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The silent hero of D-Day which landed the first troops

80 years ago today Britain and its allies began the fight back against the Nazi occupation of Europe with a massive landing of troops on French beaches, An event known as D-Day.

Thousands of troops were landed by sea on the morning of the 6th June 1944 but, they weren’t the first. Hours earlier allied troops from the 2nd Battalion Oxford and Buckinghamshire light infantry were silently landed into enemy territory in Normandy by six Horsa Gliders.

The troops were handed just after midnight in the very early hours of 6th June and their task was to secure two bridges, Pegasus and Horsa, which were vital to the success of the D-Day landings which were to occur later that morning.

Their task was part of a wider aviation based operation known as “Tonga” to prevent and delay Germany reinforcements to the beaches once the invasion began.

The Airspeed Horsa Gliders used to deliver the soldiers were each able to carry 30 fully armed and equipped shoulders.

Almost 4000 of them were built by Airspeed Limited and was used by both the Army Air Corps and Royal Air Force during the campaign. Allied forces also used them.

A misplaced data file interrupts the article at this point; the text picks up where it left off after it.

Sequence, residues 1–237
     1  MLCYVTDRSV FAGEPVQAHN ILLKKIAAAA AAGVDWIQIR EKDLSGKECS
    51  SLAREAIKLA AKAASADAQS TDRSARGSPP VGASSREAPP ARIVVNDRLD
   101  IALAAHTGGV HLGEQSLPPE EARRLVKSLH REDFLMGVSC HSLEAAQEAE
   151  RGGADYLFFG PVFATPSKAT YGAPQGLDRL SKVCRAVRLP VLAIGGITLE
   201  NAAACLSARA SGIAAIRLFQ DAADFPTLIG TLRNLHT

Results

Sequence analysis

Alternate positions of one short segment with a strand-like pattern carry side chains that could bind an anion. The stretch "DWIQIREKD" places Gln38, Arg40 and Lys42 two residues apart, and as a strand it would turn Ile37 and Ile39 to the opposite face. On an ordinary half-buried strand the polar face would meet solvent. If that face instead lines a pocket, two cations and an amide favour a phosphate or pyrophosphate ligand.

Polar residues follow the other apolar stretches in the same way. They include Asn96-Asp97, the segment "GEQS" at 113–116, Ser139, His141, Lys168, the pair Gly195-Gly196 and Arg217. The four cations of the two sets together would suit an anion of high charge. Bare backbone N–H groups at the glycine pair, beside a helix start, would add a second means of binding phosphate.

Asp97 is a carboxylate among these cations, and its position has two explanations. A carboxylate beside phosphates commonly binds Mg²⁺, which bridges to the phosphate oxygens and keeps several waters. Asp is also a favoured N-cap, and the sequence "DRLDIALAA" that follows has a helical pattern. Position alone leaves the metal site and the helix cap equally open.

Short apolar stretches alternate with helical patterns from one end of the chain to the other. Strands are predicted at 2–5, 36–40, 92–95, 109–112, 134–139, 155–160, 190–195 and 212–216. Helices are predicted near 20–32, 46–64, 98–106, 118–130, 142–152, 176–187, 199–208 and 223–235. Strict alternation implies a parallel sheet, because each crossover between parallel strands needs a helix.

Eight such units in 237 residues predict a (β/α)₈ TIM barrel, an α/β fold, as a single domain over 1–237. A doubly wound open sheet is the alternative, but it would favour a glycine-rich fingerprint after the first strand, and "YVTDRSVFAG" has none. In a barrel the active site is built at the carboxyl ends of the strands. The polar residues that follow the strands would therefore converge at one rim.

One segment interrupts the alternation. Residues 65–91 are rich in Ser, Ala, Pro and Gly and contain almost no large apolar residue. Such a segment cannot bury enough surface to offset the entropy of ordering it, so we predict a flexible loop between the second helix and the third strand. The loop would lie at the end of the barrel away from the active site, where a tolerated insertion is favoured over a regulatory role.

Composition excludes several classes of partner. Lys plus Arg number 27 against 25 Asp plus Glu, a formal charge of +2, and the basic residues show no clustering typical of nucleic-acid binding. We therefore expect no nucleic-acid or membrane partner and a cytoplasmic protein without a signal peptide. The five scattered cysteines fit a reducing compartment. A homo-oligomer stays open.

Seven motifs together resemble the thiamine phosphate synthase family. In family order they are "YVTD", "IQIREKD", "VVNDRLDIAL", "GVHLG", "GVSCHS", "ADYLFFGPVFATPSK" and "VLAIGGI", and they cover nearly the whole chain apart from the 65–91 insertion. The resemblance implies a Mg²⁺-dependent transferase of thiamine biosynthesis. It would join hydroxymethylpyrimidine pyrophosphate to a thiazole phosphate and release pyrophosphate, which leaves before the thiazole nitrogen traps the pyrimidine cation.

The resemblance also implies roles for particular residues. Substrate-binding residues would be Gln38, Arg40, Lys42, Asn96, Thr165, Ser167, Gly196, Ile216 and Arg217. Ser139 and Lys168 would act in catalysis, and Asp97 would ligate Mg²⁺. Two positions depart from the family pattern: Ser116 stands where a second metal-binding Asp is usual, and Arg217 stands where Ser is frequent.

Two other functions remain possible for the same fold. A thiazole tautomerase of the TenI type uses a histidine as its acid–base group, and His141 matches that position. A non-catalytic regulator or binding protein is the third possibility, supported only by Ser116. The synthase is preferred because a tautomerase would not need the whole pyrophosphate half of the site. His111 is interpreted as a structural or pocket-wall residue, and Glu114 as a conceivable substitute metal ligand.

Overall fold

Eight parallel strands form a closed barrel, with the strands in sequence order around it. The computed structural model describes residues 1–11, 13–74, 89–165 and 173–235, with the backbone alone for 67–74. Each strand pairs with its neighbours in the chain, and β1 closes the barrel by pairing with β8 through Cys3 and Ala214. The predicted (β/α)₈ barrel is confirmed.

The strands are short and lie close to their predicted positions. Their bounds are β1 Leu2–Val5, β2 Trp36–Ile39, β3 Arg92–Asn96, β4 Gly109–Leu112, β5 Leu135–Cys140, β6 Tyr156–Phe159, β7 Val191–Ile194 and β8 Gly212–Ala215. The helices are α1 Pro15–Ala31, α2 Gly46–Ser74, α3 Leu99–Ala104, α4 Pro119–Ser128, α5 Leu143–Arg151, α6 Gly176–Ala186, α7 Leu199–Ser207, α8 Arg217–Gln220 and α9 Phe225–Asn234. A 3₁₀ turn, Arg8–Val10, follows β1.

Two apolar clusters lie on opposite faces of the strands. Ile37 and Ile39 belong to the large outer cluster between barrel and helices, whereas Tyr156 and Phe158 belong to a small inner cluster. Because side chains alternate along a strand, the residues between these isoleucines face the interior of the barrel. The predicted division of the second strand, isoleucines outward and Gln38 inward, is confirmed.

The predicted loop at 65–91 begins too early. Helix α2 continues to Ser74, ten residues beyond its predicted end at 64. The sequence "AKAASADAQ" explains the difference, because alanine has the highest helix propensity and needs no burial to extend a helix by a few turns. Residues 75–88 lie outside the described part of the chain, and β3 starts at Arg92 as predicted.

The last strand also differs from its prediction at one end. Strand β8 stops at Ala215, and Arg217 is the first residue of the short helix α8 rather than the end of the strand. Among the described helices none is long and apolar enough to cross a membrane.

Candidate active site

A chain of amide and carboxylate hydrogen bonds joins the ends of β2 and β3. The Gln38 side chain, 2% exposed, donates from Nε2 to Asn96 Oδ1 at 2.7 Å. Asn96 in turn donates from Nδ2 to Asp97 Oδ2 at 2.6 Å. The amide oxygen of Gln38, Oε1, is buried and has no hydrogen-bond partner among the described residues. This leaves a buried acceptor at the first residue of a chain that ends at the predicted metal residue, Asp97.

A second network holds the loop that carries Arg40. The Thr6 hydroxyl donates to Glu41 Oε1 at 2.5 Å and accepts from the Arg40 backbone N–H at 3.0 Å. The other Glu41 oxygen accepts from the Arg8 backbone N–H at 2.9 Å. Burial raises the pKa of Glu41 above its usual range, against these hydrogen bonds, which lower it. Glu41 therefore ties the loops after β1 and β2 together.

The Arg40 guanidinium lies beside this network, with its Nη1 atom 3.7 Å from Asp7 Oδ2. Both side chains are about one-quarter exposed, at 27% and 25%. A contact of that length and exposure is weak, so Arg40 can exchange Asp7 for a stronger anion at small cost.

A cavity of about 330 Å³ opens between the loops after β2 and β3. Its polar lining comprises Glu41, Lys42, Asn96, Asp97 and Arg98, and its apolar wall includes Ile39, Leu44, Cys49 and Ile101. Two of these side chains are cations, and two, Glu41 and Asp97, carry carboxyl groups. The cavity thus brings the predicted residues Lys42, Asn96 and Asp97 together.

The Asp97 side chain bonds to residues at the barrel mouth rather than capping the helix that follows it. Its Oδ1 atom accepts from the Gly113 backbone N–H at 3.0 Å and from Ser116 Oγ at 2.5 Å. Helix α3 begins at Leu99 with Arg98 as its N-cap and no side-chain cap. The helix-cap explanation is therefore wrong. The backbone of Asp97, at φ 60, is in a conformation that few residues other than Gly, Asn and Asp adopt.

It had a wingspan of 27 metres and built almost entirely out of wood, in fact aviation author H. A. Taylor described it as “the most wooden aircraft ever built. Even the controls in the cockpit were masterpieces of the woodworker’s skill”

This was done as it was in effect a single use aircraft so a wooden construction made it cheap to build.

Thanks to its large flaps it was able to make steep silent approaches to landing sites, perfect for delivering troops behind enemy lines.

Its aspect ratio was 7:2 which meant for every 7 miles travelled forward, it would lose 2 in altitude.

One unique feature of the Horsa was a tricycle landing gear allowing it to land like a powered aircraft.

So while the world focuses on the Normandy beaches where so many gave their lives for your freedom and that of Europe, spare a thought for those that went first, silently in the night behind enemy lines to pave the way.

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